Since the release of the hugely popular Journey, many other games have gone down the route of minimal storytelling, focusing primarily on visuals and music to evoke emotions within the player. Spirit of the North leans heavily into this, tasking you with a very simple objective; explore the environment and solve puzzles. That’s really it. By the dev’s own admission, there’s no specific narrative to guide you along, no secrets to uncover, and certainly no dialogue. Games like this can work very well if they’re backed up by visually stunning graphics and clever gameplay, but unfortunately, Spirit of the North has neither.
The game features an entirely ordinary fox as its protagonist. At least, it’s ordinary at first; when you get to a certain point in the initial section of the game, the fox takes a bit of a tumble, eventually collapsing from exhaustion. A spirit then gifts the fox with its own energy, creating waves of magical light across the fox’s body. After this point, you can then use this power to solve puzzles within the environment, opening doors and raising water levels to access new areas.
You haven’t got an unlimited supply of energy, however. Once you’ve activated certain structures, you’ll then need to draw energy from other sources in order to activate others. This is mainly via small clusters of glowing flowers scattered around the environment, but you can also draw energy from certain stones and statues lying around. Platforming is also a large part of the puzzle gameplay, and you’ll often come across steep drops, moving platforms, and even water geysers as you make your way around. The simple task of navigating the world is perhaps one of Spirit of the North’s most egregious failures; the fox simply doesn’t react to your inputs quickly enough, and actions like jumping or swimming are infuriatingly sluggish.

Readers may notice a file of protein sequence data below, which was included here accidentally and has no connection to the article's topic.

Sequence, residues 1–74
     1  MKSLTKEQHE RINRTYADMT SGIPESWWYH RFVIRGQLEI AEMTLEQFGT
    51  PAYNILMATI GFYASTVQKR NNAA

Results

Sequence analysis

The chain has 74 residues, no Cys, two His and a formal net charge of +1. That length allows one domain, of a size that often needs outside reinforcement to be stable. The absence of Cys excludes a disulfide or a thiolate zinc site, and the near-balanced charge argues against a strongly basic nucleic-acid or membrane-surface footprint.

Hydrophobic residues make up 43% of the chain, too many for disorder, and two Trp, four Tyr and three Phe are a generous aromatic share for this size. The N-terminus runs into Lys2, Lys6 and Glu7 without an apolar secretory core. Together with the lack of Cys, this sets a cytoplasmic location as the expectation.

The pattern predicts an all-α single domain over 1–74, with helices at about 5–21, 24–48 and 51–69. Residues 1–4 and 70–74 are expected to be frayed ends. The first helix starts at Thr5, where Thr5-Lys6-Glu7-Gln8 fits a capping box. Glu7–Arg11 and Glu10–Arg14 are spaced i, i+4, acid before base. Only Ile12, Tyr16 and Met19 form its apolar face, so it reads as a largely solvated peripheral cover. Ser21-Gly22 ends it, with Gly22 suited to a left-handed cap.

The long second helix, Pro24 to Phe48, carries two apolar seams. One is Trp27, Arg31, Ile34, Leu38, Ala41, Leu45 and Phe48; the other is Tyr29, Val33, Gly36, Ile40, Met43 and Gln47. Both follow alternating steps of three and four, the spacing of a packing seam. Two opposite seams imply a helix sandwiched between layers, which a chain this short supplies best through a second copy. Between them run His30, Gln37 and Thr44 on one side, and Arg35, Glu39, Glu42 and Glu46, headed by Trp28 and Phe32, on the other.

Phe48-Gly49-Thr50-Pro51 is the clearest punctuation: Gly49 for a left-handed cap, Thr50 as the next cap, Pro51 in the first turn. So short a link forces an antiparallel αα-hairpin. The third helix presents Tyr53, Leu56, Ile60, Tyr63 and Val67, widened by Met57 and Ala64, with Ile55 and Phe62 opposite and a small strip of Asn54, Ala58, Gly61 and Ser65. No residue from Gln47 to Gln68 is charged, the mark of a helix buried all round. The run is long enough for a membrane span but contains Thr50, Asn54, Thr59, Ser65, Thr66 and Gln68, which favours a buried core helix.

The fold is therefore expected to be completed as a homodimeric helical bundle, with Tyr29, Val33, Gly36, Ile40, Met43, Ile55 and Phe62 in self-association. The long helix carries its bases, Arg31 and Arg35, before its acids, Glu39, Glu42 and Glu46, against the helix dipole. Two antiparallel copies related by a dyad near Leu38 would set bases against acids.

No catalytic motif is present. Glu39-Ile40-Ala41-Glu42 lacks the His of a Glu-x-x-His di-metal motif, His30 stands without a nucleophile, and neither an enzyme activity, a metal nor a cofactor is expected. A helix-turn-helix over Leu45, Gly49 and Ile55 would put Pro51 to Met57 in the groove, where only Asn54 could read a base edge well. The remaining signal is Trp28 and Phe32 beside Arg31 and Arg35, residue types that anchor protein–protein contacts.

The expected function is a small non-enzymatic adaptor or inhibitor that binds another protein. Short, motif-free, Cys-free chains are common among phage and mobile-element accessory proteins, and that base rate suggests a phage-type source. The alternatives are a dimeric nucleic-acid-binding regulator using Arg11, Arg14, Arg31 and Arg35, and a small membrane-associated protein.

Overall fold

Visually, things aren’t much of an improvement. On the Switch, Spirit of the North looks downright ugly, and it’s clear that certain sacrifices have been made in bringing the title to Nintendo’s system. It’s a shame, because there’s certainly a lot of ambition here; we imagine certain viewpoints would look great with a bit of a bump in resolution, and moving through the snow causes it to naturally compress. A lot of care has clearly been taken with the art design, but technically the game is a hot mess.
Where the game really sings, however, is in its soundtrack. Taking inspiration from games like Ori and the Blind Forest, the tracks here can be genuinely emotional at times, and it really spurs you on, despite the game’s numerous shortcomings. Ultimately though, regardless of its ambitions, Spirit of the North simply doesn’t hold up well on the Switch, and with poor gameplay and visuals, its relatively short 3 to 4-hour length felt much longer as a result.